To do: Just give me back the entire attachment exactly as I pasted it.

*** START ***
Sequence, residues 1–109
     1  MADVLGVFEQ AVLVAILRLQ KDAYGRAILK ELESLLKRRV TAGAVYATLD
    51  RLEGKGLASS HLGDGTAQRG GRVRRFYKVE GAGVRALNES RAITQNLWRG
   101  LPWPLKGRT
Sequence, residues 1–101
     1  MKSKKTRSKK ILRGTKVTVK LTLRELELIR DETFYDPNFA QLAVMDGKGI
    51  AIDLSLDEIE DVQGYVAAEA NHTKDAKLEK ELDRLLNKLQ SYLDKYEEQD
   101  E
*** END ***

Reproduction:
Sequence, residues 1–109
     1  MADVLGVFEQ AVLVAILRLQ KDAYGRAILK ELESLLKRRV TAGAVYATLD
    51  RLEGKGLASS HLGDGTAQRG GRVRRFYKVE GAGVRALNES RAITQNLWRG
   101  LPWPLKGRT
Sequence, residues 1–101
     1  MKSKKTRSKK ILRGTKVTVK LTLRELELIR DETFYDPNFA QLAVMDGKGI
    51  AIDLSLDEIE DVQGYVAAEA NHTKDAKLEK ELDRLLNKLQ SYLDKYEEQD
   101  E